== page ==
GlaxoSmithKline and Pfizer to create a new world-leading, specialist HIV company
GlaxoSmithKline and Stiefel to create new world-leading specialist dermatology business
John K Smith opens his first drugstore in Philadelphia. John's younger brother, George, joins him in 1841 to form John K Smith & Co.
Thomas Beecham launches the Beecham's Pills laxative business in England. The laxative is to become widely successful.
Mahlon Kline joins Smith and Shoemaker - as John K Smith and Co had become - as a bookkeeper.
Beecham opens the world's first factory to be built solely for making medicines at St Helens in England.
Joseph Nathan, who left the UK to seek new business opportunities 20 years before, establishes a general trading company at Wellington in New Zealand - Joseph Nathan and Co - the foundation for the Glaxo company to be formed later.
Burroughs Wellcome & Company is established in London by American pharmacists Henry Wellcome and Silas Burroughs, four years after Joseph Nathan opened a London office.
Mahlon Kline took on additional responsibilities as a salesman and added many new and large accounts. He is rewarded when the company, Mahlon K Smith and Company, is renamed Smith, Kline and Company.
Thomas Beecham's company acquires headquarters on the corner of Silver Street and Water Street, St Helens, England. Two years later, the company's new factory in St Helens becomes the first in the area to have electricity.
Tabloid is registered as a Burroughs Wellcome and Company trademark to describe its compressed tablets.
Smith, Kline and Company acquires French, Richards and Company, providing a greater portfolio of consumer brands.
Glaxo is registered by Joseph Nathan and Co as a trademark for dried milk.
The Wellcome Tropical Research Laboratories open.
|1929 Smith, Kline and French Company is renamed Smith Kline and French Laboratories and becomes more focused on research.||1947
Glaxo Laboratories Ltd absorbs the Joseph Nathan company
and becomes the parent company. Glaxo is listed on the
London Stock Exchange.
||1936 Sir Henry Wellcome's will leaves sole ownership of The Wellcome Foundation Ltd to a UK medical research charity, today called the Wellcome Trust. Sir Henry Dale of Wellcome is awarded the Nobel Prize for Medicine for his work in the chemical transmission of nerve impulses.|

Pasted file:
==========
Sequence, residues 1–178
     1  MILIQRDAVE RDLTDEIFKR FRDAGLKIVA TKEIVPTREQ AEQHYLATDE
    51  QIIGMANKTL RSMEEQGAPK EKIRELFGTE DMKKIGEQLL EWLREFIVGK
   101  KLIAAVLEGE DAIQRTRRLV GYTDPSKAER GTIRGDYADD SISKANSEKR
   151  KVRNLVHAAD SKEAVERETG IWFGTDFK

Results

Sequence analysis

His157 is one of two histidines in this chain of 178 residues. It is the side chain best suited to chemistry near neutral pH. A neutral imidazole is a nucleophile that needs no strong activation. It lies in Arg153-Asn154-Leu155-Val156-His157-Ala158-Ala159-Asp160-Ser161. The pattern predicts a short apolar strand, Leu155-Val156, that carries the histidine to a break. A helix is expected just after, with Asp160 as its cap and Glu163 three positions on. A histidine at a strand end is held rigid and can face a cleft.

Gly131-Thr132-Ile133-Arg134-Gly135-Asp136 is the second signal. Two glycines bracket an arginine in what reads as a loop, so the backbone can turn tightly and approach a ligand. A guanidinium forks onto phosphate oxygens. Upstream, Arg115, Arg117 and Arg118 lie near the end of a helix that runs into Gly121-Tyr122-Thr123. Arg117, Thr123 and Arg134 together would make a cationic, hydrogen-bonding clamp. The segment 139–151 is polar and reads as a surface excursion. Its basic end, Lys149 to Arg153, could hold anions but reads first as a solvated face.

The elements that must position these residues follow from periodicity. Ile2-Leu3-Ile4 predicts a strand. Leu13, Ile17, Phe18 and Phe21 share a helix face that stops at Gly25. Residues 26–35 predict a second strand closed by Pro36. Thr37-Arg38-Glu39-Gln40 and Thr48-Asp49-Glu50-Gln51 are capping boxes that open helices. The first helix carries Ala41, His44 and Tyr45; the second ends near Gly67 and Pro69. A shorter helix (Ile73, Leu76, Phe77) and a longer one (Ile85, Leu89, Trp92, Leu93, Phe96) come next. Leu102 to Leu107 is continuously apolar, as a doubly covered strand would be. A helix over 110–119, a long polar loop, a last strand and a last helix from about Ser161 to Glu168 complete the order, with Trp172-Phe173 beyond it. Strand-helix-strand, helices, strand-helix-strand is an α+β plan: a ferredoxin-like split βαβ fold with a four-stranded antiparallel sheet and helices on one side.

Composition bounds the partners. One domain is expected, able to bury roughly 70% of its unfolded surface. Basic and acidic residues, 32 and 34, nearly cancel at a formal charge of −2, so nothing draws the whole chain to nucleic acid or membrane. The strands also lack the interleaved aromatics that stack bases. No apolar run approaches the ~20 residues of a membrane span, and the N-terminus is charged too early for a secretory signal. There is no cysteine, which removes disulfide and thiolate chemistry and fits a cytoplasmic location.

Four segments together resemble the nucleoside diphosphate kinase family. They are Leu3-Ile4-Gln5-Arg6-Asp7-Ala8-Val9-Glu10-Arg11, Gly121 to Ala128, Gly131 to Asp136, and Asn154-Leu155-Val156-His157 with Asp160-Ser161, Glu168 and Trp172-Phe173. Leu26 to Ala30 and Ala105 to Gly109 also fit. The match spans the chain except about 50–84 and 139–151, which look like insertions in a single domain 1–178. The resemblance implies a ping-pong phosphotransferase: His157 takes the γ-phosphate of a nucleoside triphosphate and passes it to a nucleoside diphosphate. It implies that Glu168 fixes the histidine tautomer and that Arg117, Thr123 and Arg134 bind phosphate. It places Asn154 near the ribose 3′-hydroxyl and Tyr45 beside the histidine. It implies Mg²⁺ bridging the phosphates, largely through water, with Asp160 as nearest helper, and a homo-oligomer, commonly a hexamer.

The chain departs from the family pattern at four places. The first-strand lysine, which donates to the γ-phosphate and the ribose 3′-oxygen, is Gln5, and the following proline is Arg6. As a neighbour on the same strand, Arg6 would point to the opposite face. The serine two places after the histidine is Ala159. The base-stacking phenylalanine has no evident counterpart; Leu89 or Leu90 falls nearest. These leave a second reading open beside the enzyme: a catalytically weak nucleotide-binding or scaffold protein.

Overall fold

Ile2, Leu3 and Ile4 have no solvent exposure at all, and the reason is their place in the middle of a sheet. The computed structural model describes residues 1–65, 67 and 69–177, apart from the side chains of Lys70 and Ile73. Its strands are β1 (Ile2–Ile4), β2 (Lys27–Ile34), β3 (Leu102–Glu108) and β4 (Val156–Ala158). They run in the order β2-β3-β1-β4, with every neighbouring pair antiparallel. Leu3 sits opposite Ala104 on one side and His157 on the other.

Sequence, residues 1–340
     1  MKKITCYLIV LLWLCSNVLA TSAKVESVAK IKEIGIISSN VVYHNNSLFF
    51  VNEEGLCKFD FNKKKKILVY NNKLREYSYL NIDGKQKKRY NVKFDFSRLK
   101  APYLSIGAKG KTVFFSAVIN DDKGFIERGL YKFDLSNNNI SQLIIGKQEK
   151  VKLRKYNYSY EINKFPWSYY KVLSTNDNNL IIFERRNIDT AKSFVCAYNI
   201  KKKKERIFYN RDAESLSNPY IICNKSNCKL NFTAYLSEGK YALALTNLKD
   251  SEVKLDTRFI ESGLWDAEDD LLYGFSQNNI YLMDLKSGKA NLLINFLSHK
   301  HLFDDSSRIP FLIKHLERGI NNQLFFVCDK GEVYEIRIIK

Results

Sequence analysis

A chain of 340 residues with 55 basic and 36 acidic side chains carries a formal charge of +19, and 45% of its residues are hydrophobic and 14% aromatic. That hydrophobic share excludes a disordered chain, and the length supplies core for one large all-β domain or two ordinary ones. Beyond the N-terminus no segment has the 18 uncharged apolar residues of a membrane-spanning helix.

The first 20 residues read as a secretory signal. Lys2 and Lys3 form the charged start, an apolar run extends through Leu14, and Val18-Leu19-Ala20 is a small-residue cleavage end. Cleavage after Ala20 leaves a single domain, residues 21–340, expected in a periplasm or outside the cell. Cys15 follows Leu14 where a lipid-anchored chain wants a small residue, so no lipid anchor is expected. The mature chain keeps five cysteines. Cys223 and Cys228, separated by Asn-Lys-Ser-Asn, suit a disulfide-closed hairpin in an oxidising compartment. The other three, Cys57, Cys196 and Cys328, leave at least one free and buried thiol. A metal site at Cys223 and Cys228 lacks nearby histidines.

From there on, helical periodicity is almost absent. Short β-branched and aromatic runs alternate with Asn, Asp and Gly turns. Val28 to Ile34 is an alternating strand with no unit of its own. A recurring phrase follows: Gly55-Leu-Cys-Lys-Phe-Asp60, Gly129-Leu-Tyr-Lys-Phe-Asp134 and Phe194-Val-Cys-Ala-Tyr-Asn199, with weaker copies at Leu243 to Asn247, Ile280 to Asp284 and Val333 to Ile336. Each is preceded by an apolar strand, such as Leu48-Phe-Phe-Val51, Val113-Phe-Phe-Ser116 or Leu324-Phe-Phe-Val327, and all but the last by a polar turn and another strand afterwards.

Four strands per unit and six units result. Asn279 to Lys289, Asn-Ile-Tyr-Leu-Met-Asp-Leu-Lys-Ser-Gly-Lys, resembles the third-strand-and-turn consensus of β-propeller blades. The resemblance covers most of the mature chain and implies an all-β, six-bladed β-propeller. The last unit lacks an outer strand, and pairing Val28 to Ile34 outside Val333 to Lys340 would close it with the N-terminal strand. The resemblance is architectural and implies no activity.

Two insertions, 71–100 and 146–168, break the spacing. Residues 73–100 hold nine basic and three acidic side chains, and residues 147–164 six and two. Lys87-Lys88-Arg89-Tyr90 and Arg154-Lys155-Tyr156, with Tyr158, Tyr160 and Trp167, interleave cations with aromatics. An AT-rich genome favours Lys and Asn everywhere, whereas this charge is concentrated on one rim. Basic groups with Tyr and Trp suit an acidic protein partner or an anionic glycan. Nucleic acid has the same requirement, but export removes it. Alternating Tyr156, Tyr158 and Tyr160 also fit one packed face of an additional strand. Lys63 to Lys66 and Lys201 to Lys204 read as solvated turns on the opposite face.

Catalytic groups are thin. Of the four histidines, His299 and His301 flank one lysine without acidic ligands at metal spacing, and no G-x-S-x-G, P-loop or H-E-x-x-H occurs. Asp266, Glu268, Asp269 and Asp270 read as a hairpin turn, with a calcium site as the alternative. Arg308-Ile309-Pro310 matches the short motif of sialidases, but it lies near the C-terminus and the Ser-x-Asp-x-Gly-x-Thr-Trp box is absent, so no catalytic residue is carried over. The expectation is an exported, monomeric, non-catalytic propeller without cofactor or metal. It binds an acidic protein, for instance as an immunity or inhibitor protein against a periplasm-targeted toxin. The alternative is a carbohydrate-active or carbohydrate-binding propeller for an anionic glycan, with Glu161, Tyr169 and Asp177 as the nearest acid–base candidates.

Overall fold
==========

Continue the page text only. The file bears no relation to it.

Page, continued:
Glaxo acquires Allen and
|1982 SmithKline acquires Allergan, an eye and skincare business, and merges with Beckman Instruments Inc, a company specialising in diagnostics and measurement instruments and supplies. The company is renamed SmithKline Beckman.||1978 Through the acquisition of Meyer Laboratories Inc, Glaxo’s business in the US is started, to become Glaxo Inc from 1980. The broad-spectrum injectable antibiotic Zinacef (cefuroxime) is introduced by Glaxo.|
|1989 SmithKline Beckman and The Beecham Group plc merge to form SmithKline Beecham plc.||1995 Glaxo and Wellcome merge to form Glaxo Wellcome.|
|2000 GlaxoSmithKline formed through the merger of Glaxo Wellcome and SmithKline Beecham.|
April 16, 2009 GlaxoSmithKline
GlaxoSmithKline and Pfizer announce innovative agreement to create a new world-leading, specialist HIV company
GlaxoSmithKline plc (GSK) and Pfizer Inc (PFE) today announced they have entered into an agreement to create a new world-leading HIV company focused solely on research, development and commercialisation of HIV medicines. The new HIV business will be more sustainable and broader in scope than either company's individually, and will hold a 19% share of the growing market and have an industry-leading pipeline. GSK will initially hold an 85% equity interest in the new company and Pfizer will hold 15%.
Focused new business with
industry-leading HIV pipeline
The new company will have a broad product portfolio of 11 marketed products including market-leading therapies such as Combivir, Kivexa and Selzentry/Celsentri. Based on 2008 pro-forma results, this combined portfolio generated sales of approximately £1.6 billion and these revenues will provide the new company with financial stability and support investment in its pipeline.